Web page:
The measles virus is a highly contagious disease that can cause serious health issues. It is essential to be aware of the risks associated with measles and to take steps to protect yourself and your community. That’s why it’s important to get tested for measles if you think you may have been exposed. Here’s what you need to know about this infectious disease.
What is measles?
Measles, also called rubeola, is an airborne virus that is highly contagious and can cause serious and severe complications such as pneumonia, brain inflammation, and even death. It is transmitted through contact with infected droplets in the air that are produced when an infected person coughs or sneezes. The virus can remain active in the environment for up to two hours after an infected person has left the room.
Signs and symptoms
Measles signs and symptoms typically appear around 10 to 14 days after exposure, which include:
- Dry cough
- Runny nose
- Sore throat
- Inflamed eyes
- Koplik’s spots (tiny white spots inside the mouth)
- Skin rash (large, flat blotches)
Complications of measles
Measles can cause serious health complications including:
- Diarrhea and vomiting
- Ear infection (otitis media)
- Bronchitis, laryngitis or croup
- Lung infection (pneumonia, bronchitis)
- Pregnancy problems (premature birth, low birth weight and fetal death)
Measles by the numbers
Measles can be serious and contagious. It spreads through the air when an infected person coughs or sneezes. It is so contagious that if one person has it, 9 out of 10 people around him or her will also get it if they are not protected. According to the Centers for Disease Control and Prevention:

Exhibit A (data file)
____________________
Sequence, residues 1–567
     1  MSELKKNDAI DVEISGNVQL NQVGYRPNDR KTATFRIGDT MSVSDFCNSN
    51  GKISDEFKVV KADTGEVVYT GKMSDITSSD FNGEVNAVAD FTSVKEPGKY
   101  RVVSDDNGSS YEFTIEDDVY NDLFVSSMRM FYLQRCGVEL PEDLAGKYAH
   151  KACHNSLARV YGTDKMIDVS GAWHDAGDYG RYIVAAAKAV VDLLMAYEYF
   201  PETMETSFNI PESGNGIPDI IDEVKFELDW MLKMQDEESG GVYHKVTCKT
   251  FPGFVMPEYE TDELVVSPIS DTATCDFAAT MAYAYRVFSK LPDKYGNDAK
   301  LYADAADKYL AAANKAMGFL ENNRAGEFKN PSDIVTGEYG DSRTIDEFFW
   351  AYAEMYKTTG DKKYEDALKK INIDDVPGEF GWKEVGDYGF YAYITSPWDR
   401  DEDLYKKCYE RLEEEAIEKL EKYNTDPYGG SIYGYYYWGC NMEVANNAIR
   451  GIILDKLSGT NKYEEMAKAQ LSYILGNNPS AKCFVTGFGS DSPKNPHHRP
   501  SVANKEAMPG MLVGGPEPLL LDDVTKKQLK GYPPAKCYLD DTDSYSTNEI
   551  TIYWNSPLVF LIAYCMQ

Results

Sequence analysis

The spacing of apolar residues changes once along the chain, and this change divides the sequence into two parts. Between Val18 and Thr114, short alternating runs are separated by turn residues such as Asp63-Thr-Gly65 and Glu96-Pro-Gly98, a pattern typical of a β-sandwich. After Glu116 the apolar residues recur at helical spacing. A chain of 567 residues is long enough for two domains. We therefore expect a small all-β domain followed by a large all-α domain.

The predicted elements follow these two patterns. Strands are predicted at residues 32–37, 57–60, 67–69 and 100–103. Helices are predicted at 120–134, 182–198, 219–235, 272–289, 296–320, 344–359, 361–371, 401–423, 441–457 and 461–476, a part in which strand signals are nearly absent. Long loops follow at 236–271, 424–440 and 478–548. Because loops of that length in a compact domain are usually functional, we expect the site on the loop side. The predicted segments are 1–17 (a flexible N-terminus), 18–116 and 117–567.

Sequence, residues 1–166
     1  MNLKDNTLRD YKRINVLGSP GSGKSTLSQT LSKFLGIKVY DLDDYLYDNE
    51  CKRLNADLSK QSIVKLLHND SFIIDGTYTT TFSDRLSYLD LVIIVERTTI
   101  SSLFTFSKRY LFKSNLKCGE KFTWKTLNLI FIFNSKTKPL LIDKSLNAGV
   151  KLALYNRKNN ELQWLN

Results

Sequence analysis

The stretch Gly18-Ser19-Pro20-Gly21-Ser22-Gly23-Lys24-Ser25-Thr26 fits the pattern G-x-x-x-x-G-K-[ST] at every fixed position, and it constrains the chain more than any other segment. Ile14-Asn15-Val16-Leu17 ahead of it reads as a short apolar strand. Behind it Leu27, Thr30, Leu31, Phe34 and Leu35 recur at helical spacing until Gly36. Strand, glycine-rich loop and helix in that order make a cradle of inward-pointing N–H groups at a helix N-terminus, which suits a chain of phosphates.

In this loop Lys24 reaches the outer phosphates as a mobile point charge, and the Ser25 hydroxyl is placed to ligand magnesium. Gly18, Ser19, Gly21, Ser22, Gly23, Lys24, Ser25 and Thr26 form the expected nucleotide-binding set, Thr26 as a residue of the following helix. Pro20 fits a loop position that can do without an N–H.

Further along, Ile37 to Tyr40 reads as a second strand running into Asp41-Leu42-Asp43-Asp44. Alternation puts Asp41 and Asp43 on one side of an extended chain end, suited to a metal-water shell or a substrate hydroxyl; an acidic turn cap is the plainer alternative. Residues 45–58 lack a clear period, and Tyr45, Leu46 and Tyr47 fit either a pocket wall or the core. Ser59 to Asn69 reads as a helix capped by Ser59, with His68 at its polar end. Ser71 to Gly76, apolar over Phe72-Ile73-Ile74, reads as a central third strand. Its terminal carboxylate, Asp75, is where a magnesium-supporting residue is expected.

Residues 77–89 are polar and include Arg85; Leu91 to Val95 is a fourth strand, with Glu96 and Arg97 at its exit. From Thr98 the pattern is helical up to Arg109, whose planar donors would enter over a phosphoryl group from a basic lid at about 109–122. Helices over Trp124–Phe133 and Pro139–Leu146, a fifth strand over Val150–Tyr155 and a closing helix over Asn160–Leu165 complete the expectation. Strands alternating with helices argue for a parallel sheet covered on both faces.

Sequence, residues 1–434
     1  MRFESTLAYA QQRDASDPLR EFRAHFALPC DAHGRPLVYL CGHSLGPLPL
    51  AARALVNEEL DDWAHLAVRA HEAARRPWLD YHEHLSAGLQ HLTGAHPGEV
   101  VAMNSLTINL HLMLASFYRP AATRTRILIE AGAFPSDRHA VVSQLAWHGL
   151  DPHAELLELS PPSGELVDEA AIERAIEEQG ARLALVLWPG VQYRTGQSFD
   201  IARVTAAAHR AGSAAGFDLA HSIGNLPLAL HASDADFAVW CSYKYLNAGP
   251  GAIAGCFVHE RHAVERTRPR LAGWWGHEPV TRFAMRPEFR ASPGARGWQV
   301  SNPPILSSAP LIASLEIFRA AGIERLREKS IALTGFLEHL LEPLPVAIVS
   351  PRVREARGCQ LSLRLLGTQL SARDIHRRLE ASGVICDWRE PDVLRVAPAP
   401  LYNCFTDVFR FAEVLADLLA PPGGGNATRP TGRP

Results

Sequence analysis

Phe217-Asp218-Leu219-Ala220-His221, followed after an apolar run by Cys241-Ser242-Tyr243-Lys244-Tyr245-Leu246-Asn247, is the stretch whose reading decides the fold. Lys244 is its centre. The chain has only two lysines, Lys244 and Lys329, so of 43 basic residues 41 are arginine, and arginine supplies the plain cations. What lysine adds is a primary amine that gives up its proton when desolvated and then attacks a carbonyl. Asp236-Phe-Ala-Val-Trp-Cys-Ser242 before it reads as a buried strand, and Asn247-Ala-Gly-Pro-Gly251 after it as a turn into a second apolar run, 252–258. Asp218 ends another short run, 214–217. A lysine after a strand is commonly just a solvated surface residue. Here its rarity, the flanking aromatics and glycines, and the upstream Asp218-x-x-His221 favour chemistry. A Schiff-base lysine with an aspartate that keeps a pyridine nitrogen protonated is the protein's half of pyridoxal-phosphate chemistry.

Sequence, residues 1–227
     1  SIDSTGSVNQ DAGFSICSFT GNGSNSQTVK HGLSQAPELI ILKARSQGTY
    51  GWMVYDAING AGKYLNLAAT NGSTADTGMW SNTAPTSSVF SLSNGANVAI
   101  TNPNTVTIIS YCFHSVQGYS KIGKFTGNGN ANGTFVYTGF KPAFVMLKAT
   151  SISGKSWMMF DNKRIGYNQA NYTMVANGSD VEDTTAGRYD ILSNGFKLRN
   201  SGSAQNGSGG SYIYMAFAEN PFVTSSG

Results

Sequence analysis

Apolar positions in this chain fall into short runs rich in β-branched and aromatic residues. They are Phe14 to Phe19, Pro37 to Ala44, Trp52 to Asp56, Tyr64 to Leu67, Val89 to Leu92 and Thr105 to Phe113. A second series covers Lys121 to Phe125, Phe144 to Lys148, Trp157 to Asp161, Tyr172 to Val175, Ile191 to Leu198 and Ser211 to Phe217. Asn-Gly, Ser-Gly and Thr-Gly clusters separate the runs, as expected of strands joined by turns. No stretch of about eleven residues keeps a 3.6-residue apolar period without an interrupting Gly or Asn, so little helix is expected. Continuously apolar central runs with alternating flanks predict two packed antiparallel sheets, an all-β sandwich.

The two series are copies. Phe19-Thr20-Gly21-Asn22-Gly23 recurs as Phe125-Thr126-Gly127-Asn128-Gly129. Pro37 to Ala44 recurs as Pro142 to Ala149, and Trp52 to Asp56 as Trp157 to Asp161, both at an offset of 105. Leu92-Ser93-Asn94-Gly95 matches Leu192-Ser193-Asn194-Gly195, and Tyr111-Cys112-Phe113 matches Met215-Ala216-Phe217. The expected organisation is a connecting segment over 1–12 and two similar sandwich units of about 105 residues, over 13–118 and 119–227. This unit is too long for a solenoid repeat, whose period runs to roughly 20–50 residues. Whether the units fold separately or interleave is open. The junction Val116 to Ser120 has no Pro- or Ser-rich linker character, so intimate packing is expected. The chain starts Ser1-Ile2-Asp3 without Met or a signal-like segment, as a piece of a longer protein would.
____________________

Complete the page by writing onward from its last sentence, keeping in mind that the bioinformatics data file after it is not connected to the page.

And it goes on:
- About 1 in 5 people in the U.S. who get measles will be hospitalized
- 1 out of every 1,000 people with measles will develop brain swelling, which could lead to brain damage
- 1 to 3 out of 1,000 people with measles will die, even with the best care
People at high risk of complications
- Infants and children < 5 years of age
- Adults aged > 20 years of age
- Pregnant women
- People with weak immune systems like leukemia, HIV
Vaccinations and testing
Rubeola was gone from the U.S. in 2000 thanks to a highly effective vaccination program. Consequently, it is no longer constantly present in this country. However, this disease is still common in many parts of the world. Even if your family does not travel internationally, you could come into contact with measles anywhere in the community.
The best way to protect yourself from measles is by getting vaccinated. The CDC recommends that all children receive two doses of the MMR vaccine (measles, mumps, and rubella) at ages 12 months and 4 years old.
MMR vaccine provides long-lasting protection against all strains of measles. Doctors recommend two doses of the vaccine for the best protection. Therefore, when in doubt, ask your healthcare provider to check your MMR titers to make sure you have protection against measles, mumps and rubella. MMR titers for antibody levels are really important particularly in pregnant women and healthcare workers.
Adults who have not been vaccinated should also consider receiving two doses of the MMR vaccine. If you are unsure about your vaccination status or if you need another dose of the vaccine, it is important to speak with your healthcare provider about getting tested for immunity against measles.
Testing for immunity against measles involves a simple blood test to measure your body’s antibodies against the virus. If you do not have enough antibodies present in your blood sample, then you may need another dose of the MMR vaccine. Your healthcare provider may also recommend additional testing or treatments if necessary based on your individual results.
Make sure you’re protected against measles
Keeping yourself safe from diseases like measles starts with knowledge and prevention—namely getting vaccinated if you haven’t already done so or getting tested if necessary so that you can protect yourself and others around you from infection.
Walk-in to any Nao Medical urgent care clinics to check your immunity to rubeola (blood-work). Getting tested and a dose of MMR vaccine for protection against measles is a simple process that could potentially save lives in our communities.